The Historic Preservation Committee hosted a GVC forum on Sunday, March 3, for those curious about the Commission process to those considering a renovation.
Former commissioner Cheryl Hacker served as moderator and Historic Preservation Committee Chair Chris Hune welcomed everyone and put together the wine and snacks on offer.
Representative from the Commission, Jay Panzer – Chair of the Commission and Ned Thiel and Lisa Case – GVS representatives on the Commission engaged in a conversation on a variety of topics including: the commission appointment process; the role of the City’s Historic Preservation Office; pointers on application process; factors that the Commission takes into account for review, including German Village Commission Guidelines, house files, and scale of surrounding structures; review considerations for businesses and the process for amending the Guidelines.
|HPC GVC workshop 3-3-13|
Director Shiloh Todorov opened with a delineation of the Society’s role versus the Commission’s role:
The German Village Society (GVS) is a nonprofit and charitable association for anyone interested in making German Village a better place to BE.
We work closely with the German Village Commission and support the architectural review process, and it is ONLY by working side-by-side for five decades that this district looks and feels and charms people like it does.
As preservation advocates, it is the Society’s role to speak up for the Commission – why is it important? Why are the hoops absolutely necessary? How do you as a property owner benefit by running your exterior improvements through this arm of the city?
I’ll share here anecdotally that ONE of the ways you benefit from the review process is that – during the downturn, while the rest of Columbus was experiencing as much as an 8 percent DROP in property values – values within our historic footprint rose 2.74 percent! Preservation works!
We are the first historic district in Columbus with a supporting Society, paid for more than one-third of income by members who believe in our mission or preservation and education. That says volumes about our dedication.
GVS, in its earliest days, lobbied city hall to create Columbus’s first architectural review district in one of the oldest neighborhoods in Columbus. Our Guidelines are a part of City Code – and the guidelines give the Commissions a blueprint to make decisions. German Village Foundation, which has since merged with the Society, used funds raised at our first Oktoberfest to have Guidelines drafted and printed…a dedicated committee of architects, historians and neighborhood leaders worked with the City Historic Preservation Office and Commission on that process from start to finish.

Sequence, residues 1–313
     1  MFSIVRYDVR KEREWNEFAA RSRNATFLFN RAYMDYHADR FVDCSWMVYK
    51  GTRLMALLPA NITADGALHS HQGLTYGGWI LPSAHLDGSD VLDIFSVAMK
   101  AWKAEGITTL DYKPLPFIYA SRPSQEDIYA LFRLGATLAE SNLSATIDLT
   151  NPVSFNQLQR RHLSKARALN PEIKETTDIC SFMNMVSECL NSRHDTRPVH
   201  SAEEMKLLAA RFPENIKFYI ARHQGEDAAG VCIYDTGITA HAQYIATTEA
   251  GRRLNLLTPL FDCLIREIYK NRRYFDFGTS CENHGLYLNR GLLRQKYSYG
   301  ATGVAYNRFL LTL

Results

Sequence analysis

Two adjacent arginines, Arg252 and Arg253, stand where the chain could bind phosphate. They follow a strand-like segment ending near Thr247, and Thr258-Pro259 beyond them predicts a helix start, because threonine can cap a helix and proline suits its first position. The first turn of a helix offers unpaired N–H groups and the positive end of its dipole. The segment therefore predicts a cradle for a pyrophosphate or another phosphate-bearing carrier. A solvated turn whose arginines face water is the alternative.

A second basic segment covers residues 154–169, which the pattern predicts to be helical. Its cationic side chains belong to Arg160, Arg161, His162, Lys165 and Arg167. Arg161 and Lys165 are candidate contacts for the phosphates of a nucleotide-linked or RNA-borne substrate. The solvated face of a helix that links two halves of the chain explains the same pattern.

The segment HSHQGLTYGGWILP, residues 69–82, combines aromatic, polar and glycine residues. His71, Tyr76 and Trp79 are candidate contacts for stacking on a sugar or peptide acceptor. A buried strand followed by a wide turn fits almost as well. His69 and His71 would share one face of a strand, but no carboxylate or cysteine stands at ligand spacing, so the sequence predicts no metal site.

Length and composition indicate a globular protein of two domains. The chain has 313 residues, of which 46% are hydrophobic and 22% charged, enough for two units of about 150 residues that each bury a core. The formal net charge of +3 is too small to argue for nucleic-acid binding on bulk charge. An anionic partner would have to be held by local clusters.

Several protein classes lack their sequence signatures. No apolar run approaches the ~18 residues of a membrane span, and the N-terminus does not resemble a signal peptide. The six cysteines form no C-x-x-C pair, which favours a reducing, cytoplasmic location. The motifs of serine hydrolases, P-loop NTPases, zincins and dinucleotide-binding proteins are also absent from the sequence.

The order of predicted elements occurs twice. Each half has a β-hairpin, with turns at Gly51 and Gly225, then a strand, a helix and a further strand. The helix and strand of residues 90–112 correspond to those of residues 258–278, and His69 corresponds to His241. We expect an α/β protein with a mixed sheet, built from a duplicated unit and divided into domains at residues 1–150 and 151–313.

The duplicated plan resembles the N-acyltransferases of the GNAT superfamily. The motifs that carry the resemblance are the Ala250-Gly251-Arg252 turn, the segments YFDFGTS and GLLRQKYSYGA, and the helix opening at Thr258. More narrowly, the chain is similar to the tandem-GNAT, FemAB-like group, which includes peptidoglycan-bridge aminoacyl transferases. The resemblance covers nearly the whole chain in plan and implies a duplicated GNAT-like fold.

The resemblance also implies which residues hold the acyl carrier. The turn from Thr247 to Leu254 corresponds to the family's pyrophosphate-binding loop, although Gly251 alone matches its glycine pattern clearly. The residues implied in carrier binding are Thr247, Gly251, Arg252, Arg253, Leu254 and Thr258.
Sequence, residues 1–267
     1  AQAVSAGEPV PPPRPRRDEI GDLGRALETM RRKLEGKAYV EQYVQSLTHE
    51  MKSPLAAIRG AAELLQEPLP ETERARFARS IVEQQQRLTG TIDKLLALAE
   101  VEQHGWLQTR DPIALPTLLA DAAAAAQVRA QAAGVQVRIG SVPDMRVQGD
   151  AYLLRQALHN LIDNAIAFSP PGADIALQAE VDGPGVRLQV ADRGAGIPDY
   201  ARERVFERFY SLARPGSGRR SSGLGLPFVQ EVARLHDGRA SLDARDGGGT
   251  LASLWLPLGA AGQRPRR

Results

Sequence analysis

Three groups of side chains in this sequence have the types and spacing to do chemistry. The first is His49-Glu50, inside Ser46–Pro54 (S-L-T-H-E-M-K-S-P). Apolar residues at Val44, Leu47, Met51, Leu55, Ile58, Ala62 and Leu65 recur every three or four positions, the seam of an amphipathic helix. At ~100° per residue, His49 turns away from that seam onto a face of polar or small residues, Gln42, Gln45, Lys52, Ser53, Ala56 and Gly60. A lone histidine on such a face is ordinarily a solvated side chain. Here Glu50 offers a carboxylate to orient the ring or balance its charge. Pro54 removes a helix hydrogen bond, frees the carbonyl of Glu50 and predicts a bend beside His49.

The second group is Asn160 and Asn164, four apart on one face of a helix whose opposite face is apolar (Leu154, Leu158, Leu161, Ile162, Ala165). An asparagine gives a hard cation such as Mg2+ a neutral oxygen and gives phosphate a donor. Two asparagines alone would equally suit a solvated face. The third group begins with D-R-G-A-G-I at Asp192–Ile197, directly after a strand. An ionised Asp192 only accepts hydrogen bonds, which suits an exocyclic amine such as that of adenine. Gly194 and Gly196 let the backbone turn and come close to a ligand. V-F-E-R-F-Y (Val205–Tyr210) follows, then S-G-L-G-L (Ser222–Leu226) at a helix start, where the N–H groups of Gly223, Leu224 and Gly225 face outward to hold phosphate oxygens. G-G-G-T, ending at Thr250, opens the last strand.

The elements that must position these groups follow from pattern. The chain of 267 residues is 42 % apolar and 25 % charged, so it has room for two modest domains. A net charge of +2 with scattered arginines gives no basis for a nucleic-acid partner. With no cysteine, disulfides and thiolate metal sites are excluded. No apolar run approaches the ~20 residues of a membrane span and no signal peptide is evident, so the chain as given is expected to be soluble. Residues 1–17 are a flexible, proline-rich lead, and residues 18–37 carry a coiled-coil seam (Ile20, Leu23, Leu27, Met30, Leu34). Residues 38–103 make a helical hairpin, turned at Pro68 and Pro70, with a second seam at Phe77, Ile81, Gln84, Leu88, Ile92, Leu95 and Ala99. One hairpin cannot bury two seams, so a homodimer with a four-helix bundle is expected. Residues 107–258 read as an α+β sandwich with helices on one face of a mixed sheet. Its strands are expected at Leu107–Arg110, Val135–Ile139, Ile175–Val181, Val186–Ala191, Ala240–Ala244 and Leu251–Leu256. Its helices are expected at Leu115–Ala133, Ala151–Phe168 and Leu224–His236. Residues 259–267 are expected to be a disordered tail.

See how one supports the other, but they don’t overlap?
Another thing to understand – Society members vote for our Board of Trustees. The Society’s Historic Preservation Committee nominates two candidates to serve on the seven-member Commission, but then the mayor makes final appointments.
The Commission is an arm of government. The Society is a nonprofit.
Now – I have to take this opportunity to outline for you that this partnership – even with all of its amazing volunteer spirit and its record of private investment and not federal dollars to pull it off – this partnership costs money. You’ve read in the newspaper that we’re going to raise $100,000 this year for our critical needs list.
Why is German Village Society seeking partnerships and new funds? Because we have a critical needs list to fund, and fulfilling those needs will help us keep German Village vibrant and appealing to all who are invested in Central Ohio. And the entire list is focused on our mission – all $100,000-plus dollars.
Our critical needs list was created over a one-year period. It started with strategic planning and continued with brainstormed and vetted ideas through community engagement, so we know that the investments we make with your dollars are fully supported by our residents.
I won’t take time here to share the full list, but what you need to know in the context of this conversation today is that the No. 1 priority for new dollars is to rehire a professional Historic Preservation Director – an expert to guide us in current best-practices of preservation and keep a much closer link between the Society and the Commission.
In closing – I will remind you that the partnership between the Society and the Commission has put us at the forefront of national attention for preservation.
It’s been since 1974 that the district has been on the National Register of Historic Places. In 2007, German Village was designated as a Preserve America Neighborhood and in 2011 as a Great Neighborhood in America. We intend to stay in that national spotlight, we intend to continue to work together to make this Columbus’ most sought-after address, and we’re happy to have each and every one of you on board to help.